The tacos were fairly large, the tuna was generous, however so was their chipotle aioli, with an unremitting attack of mayonnaise lathering the innards of the taco. Aside from too much mayo in the sauce the tacos were decent, seared fish wrapped inside of a flour tortilla and some green cabbage providing the added crunch…maybe not worth twelve dollars either but not bad.

The food was hit or miss and with our three-entrée lunch totaling fifty dollars sans tip, I am not sure I would consider going back to Memphis Café. Too expensive for the kind of food they are serving; an Orange County equivalent to Father’s Office—however at Father’s Office they control the cooking times much better. The day was not a bust by any means, I was able to continue exploring the added benefits of cheese (getting in touch with my inner kindje), load up on some premium wines and hang out with a fellow Bruin. When I am only quibbling with cooking times and poor side choices… life is pretty good.

Friday night burgers have been a sporadic tradition this year, a more commonly practiced ritual in 2010, but never the one to give up on good times, I was set on visiting a burger spot that was affordable and was recently reviewed with good marks. I invited two friends to accompany me to West Hollywood to try a spot that fit the criteria—Rounds Premium Burgers—on Santa Monica Boulevard. I would be pairing a bottle of 2009 St. Cosme Côtes du Rhône (# 317 on the year) with their hamburger and hopefully catching the Ducks must win game against the LA Kings.

We met sharply at 7:30, still trying to catch the fleeting daylight—to aid in all aspects of photography and because I don’t have an adequate flash—and be early enough to continue the remainder of the night in downtown. A pregnant agenda.

Across from the Sherriff station of West Los Angeles sits Rounds, a newcomer to the gourmet burger craze that happens to capitalize on the enormous amount of foot traffic that the area receives. When our group arrived, we narrowly averted the rush and were able to order three burgers without waiting.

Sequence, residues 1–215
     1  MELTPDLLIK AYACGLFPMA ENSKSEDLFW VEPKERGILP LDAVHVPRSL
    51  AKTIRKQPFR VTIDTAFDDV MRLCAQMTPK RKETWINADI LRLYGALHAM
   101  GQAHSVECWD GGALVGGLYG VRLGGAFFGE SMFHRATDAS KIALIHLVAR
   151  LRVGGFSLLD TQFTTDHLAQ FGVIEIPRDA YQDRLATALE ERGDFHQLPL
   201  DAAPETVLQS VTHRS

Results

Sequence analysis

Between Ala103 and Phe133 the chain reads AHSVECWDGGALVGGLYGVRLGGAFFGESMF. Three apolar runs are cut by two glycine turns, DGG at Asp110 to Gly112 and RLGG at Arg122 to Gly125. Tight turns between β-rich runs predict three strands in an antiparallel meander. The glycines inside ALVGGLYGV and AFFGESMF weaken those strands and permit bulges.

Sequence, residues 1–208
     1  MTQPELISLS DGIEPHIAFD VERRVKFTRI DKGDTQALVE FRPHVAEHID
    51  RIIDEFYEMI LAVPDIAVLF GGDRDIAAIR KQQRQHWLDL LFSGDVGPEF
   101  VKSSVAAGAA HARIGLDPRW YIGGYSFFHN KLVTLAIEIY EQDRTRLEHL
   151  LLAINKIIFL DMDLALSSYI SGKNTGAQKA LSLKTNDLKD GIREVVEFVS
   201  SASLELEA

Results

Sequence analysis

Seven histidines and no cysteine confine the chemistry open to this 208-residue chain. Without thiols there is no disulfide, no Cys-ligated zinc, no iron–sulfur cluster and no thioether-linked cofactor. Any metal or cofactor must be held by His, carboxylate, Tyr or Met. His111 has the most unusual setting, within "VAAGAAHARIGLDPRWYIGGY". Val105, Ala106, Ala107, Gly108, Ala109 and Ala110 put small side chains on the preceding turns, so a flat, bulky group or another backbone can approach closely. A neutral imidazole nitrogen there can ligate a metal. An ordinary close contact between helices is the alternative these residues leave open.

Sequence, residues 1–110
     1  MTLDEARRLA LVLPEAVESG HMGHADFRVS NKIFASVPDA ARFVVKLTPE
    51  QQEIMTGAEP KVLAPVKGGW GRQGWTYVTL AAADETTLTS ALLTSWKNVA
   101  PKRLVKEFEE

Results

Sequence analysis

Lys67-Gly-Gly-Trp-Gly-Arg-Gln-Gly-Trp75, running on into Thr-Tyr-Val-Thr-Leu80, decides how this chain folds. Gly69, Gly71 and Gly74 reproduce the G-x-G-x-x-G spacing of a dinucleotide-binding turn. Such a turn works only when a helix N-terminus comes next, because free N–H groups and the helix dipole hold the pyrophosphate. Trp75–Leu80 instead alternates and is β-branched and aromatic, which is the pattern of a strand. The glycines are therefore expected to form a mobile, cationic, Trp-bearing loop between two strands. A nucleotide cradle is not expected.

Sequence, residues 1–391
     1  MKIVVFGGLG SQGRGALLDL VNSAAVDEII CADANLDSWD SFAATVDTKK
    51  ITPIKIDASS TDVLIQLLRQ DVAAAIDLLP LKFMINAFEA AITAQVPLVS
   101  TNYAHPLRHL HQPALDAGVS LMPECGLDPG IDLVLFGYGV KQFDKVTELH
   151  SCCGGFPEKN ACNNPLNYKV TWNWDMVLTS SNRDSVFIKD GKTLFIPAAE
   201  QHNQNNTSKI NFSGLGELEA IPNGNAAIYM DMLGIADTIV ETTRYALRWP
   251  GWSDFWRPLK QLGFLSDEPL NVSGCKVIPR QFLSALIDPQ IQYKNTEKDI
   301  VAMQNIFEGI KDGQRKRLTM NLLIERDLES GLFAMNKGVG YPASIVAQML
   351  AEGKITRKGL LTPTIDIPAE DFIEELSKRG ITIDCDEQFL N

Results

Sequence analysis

We took our seats and discussed music, food, wine and civil engineering. Literature and film were on the horizon but were interrupted by the burgers, a seemingly short wait for my original burger and chili fries to be brought to the table, along with the other styles of burger to be caddied over to our group.

We took some ceremonial photos, again trying to catching the waning daylight (apologies), divvied up the contents of the flask—eyeing the Sherriff’s station as we poured—and dug in. The presentation was casual; I could see these creations being served at a bar, packed with a fluffy and obtuse bun encasing the usual suspects: a hefty patty atop lettuce, tomato, pickles, a daub (as opposed to swimming in a thousand island spread) and rings of red onion.

One of my buddies ordered the homage to Father’s office—at a fraction of the price—aptly dubbed The Office burger and found it to be exemplary. As was mine; I thought the meat—which when that charitable, could break the burger—was cooked to a perfect medium. It was not skimpy and showcased a classic California style. The only thing I missed was the pickles and yellow peppers (chiles picantes) that are a staple of my favorite burger joints. The latter can burn the palate in high doses, so best to be indulged in smaller quantities.

The St. Cosme’s peppery profile complimented the burgers well; the alcohol was in proportion, lending the solid body to carry the burger and a good jolt of acidity to ready our mouths for the next bite. The structure of the wine really highlighted the food; it was kismet that they were served together.